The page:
BLOG PROMPT #3: Engaging Abstract Topics (Post by Nov. 28)
The issue of engaging students in abstract topics is a question of interest in any classroom, not just when using the IF Method. The IF method could promote abstract explorations, or circumvent them. In designing my current course (and having had the opportunity of doing a pilot with IF last fall) I did build in techniques designed to promote students’ higher order critical thinking skills.
Working with two premises, (1) that the IF method encourages student-centered discussion, and (2) that I would like my “deep” and lifelong learning from my students, learning that goes beyond specific course content to a deeper learning incorporating understanding, analysis, synthesis, I decided to adapt Scardamalia and Bereiter’s (1992) Knowledge Building paradigm to work in conjunction with the IF process.
Although Scardamalia and Bereiter’s paradigm is oriented towards virtual learning, it interested me because this paradigm privileges a less hierarchical model of learning based on flexible organizations of small teams – ideal for the use of the IF method in the classroom. (Note, however, that I am adapting this paradigm which takes a socio-cultural perspective on human-computer interactions and looks to “virtualize” the process of education in keeping with new trends in the technological circulation of knowledge.) I utilized two aspects of the Knowledge Building paradigm – (1) requiring students to post weekly notes online, thus keeping the technological focus of the Paradigm and (2) presenting students with a real world assignment based on food: a Food Manifesto. Following Phillip (2007), the focus of this assignment was to “make student ideas, rather than predetermined activities or units of knowledge, the center of the classroom work.” (Copy of the assignment appended.)
Effective of the pedagogical techniques
It is almost the semester and the technique appears to be working well – at least for the purposes I was seeking.
For students, the experience of learning is typically a balance tipped in favor of lower order cognitive skills (i.e., knowledge and comprehension) over higher order skills (analysis, synthesis and evaluation) so that they “master” the material, but leave the course without having engaged in deeper learning. I think IF along with the Knowledge Building Paradigm worked quite well to encourage content learning while concurrently promoting deep learning – i.e., learning that occurs at a more abstract level, as well as learning that can be applied and used.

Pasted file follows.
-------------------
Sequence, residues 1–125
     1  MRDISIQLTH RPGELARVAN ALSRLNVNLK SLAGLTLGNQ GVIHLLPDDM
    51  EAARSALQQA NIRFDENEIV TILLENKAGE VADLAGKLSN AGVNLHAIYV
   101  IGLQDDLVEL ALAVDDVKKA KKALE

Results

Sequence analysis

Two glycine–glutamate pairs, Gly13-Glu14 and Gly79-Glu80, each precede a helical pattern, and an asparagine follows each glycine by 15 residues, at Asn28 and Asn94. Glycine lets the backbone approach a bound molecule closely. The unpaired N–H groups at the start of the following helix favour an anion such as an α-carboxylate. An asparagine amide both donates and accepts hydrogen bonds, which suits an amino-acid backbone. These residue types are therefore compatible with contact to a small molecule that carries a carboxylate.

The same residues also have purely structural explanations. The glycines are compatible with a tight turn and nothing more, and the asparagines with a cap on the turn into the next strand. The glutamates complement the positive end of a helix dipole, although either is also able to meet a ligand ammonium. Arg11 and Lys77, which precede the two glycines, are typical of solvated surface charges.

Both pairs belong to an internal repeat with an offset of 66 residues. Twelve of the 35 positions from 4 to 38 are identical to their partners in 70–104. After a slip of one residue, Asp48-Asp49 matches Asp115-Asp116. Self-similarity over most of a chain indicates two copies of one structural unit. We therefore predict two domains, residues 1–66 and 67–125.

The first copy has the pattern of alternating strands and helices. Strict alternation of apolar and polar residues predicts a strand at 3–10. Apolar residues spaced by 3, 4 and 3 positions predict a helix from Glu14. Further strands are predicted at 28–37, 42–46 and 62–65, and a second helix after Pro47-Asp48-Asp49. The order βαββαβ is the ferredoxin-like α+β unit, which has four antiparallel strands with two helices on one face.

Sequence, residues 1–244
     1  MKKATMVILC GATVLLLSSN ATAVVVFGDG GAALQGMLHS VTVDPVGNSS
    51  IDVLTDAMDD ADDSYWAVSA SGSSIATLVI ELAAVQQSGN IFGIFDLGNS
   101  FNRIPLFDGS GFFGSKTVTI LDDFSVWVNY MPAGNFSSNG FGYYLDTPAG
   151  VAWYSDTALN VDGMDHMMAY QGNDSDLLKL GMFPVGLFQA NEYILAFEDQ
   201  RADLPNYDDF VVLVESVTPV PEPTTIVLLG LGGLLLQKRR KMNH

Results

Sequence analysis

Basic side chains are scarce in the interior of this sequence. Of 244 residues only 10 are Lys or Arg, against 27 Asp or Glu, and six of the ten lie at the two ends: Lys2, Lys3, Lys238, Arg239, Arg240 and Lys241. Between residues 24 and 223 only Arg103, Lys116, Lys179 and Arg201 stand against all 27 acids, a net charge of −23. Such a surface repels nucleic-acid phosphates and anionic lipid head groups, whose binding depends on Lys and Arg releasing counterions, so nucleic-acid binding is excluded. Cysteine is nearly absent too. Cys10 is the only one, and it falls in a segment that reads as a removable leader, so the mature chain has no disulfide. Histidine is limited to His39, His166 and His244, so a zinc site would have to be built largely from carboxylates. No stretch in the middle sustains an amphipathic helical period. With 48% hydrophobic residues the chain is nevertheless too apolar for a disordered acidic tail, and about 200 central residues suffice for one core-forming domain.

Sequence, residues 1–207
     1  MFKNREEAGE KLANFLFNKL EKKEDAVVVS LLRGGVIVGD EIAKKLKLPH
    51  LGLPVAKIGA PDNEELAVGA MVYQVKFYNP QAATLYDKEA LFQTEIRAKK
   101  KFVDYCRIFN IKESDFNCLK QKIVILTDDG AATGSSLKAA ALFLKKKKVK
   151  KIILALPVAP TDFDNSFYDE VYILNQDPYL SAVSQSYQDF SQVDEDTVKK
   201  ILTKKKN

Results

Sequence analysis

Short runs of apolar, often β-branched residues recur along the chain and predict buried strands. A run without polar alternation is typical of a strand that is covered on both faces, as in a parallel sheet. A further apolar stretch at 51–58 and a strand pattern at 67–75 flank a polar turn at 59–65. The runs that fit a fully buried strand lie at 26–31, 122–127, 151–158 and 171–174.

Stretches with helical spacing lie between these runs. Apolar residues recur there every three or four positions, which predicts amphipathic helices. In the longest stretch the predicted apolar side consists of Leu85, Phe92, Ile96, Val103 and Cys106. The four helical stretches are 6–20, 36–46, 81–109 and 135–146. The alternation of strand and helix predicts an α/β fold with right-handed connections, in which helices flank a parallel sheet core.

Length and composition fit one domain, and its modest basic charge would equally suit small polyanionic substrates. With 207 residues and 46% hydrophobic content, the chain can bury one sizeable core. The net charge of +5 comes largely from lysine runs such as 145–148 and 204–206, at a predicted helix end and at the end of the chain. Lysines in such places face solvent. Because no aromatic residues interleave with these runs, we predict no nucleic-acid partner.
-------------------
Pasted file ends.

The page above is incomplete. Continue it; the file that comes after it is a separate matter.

By incorporating weekly discussions using the IF method, students were encouraged to develop their own ideas on a regular basis. The assigned, rotating roles of Facilitator, Recorder and Participant gave students a structure for discussion. Constant monitoring of group discussions by me ensured that students came to class prepared for discussions (having done readings, with Facilitator questions prepared, and so on). Weekly posting of Recorder and Facilitator notes allowed students to self-monitor quality of discussion as well as development of ideas.
There’s always one group…
In spite of what I’ve said so far, success wasn’t total. I had one group that has been problematic from early on in the semester. The big problem, initially, was that participants would not come prepared with the readings. At this point, students in the “Gamma” group weren’t even engaged in lower order thinking – knowledge and comprehension aren’t possible unless the readings are done. Of course the IF method could not work successfully without the students’ commitment.
So my first priority was to ensure students’ in that group did the readings, which I did first by sitting in longer on Gamma Group’s weekly discussion (I normally circulate among groups). When that did not work as well as I wanted, I moved to more punitive measures by requiring written summaries of each reading before class. I also asked the Facilitators to email me their questions in advance of class. My mid-semester this succeeded in getting members of Gamma to come in to class prepared. But preparation does not equate with higher order cognitive skills, and I am still struggling to get Gamma to go beyond discussing “superficial” issues to engaging with more abstract issues and deeper learning. At the end of the day, such learning cannot be forced: it must be a voluntary and active process. This is the group that has yet to get to that point…